When David Alderson started working at his family’s dealership in 1979, he wasn’t even old enough to drive. More senior employees had to back vehicles into the washing area before Alderson could put his rag to work. 

In the 36 years since, Alderson spent time in the parts and service department, became the general manager in 1992 and is now the CEO and third-generation owner of Texas’ Alderson Auto Group – roles that have helped Alderson fully grasp his family’s business. “A lot of general managers do not get the benefit of working through what I feel is the most important part: the service side of the organization,” Alderson says.

 

Integrating With Community

Alderson Auto Group has been a staple in Lubbock, Texas, since 1949. The company considers itself to be a mid-market dealer and operates five luxury brand dealerships: Cadillac, BMW, Lexus and two Mercedes Benz stores, one in Lubbock and one two hours south in Midland, Texas. With a population just shy of 240,000, Lubbock is the hub city for West Texas, and Alderson Auto Group serves a 150-mile radius around the city. For some of its brands, such as Lexus and Mercedes, Alderson Auto Group is the only dealership in the region. Like every business in town, Alderson says key local economic engines fuel his company: agriculture, healthcare/bioscience, advanced technology and education, which are anchored by Texas Tech University.

Texas Tech is an especially important partner for Alderson Auto Group. The company supplies vehicles to several of the coaches and relies heavily on advertising at Texas Tech sporting events. Even the backsides of the key chains Alderson Auto Group gives to customers feature the Texas Tech Corporate Partner logo. “If we didn’t have Texas Tech, Lubbock would be a far different city than it is today,” Alderson says. “We support them, they support us.”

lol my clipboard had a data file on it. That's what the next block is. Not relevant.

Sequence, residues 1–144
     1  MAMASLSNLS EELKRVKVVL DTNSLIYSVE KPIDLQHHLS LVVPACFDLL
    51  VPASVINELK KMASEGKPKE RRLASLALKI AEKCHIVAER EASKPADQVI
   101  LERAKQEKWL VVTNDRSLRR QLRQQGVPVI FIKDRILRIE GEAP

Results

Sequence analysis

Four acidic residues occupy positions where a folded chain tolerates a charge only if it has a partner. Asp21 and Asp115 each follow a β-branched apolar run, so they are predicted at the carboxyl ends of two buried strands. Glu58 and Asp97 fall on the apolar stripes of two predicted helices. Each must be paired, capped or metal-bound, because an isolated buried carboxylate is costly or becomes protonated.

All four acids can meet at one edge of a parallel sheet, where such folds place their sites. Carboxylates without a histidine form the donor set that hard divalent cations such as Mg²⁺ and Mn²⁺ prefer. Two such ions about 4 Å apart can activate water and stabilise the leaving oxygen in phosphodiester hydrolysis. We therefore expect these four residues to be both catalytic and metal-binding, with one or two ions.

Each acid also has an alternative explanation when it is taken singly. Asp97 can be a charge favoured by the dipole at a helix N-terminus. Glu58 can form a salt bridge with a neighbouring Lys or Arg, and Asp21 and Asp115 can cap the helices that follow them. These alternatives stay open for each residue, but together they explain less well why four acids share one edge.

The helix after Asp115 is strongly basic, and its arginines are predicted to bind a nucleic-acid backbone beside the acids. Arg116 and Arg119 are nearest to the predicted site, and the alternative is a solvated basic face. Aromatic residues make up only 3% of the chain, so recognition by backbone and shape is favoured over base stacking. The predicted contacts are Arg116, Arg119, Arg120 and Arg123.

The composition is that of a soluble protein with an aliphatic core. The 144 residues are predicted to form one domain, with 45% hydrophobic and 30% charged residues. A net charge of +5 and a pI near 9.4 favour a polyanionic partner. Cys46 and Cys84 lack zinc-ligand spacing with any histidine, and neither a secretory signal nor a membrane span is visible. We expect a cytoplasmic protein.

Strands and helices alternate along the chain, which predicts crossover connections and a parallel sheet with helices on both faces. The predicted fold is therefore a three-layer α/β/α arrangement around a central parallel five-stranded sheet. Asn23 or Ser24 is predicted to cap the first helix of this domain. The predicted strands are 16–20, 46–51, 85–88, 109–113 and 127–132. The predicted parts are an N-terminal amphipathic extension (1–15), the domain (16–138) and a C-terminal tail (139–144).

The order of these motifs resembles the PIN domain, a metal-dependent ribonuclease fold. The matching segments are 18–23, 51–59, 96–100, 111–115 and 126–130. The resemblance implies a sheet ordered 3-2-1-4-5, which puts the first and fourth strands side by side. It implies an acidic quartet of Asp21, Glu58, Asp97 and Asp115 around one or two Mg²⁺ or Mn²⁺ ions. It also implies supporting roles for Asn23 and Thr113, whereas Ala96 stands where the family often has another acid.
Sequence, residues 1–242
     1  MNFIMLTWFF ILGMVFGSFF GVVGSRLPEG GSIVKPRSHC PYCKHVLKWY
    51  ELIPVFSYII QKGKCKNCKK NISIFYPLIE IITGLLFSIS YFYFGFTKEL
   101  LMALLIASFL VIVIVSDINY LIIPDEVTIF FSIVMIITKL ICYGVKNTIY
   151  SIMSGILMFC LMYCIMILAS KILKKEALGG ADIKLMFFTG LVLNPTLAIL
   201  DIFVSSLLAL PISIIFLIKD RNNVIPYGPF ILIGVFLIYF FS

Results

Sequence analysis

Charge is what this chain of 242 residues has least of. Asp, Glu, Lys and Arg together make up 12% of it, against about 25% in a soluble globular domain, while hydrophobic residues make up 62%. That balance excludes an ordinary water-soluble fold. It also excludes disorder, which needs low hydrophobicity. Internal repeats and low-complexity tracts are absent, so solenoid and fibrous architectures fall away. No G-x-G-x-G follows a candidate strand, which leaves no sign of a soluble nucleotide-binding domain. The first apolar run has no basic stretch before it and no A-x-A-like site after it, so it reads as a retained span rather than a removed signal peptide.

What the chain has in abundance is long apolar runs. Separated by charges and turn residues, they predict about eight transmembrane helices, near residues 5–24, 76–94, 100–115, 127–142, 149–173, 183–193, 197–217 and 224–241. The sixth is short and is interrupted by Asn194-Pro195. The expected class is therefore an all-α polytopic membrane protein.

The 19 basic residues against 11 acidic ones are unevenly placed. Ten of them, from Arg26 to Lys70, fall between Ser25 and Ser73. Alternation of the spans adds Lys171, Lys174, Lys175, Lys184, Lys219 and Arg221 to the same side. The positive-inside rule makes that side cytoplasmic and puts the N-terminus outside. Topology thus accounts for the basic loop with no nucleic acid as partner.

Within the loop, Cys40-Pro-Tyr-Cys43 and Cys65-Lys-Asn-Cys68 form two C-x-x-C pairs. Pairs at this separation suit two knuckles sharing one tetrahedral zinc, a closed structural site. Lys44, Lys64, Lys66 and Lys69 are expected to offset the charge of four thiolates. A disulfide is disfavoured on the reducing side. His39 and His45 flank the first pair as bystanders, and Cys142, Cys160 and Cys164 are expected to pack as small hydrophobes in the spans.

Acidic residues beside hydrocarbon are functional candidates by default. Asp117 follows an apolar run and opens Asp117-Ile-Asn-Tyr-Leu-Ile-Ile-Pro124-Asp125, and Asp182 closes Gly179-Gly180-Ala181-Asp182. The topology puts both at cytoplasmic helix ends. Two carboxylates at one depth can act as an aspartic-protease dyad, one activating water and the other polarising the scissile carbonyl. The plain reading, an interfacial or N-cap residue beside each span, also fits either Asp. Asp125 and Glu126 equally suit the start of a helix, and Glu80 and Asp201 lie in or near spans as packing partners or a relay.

The relationship with Texas Tech is just one way Alderson has entrenched itself in the Lubbock community. The importance of local involvement was passed down from Alderson’s grandfather, W.G. Alderson, a member of the town school board and namesake of Alderson Elementary School. “For 66 years now, that’s a big part of what we do out here in west Texas, trying to sponsor as many organizations as we can,” Alderson says.

Community connections have been a key part of Alderson Auto Group’s success throughout its existence. Alderson Auto Group customers are more than just buyers – they’re neighbors. When Alderson is at community events, he is confident in knowing that if he bumps into a customer, they are being taken care of by Alderson Auto Group’s staff. “We want to make sure they can get everything they need here, from their local dealer,” Alderson explains. The company has been a part of Lubbock for so long that customer lists can span three or four generations of the same family. “It’s taking care of these folks that allows them to bring in their sons and daughters,” Alderson says.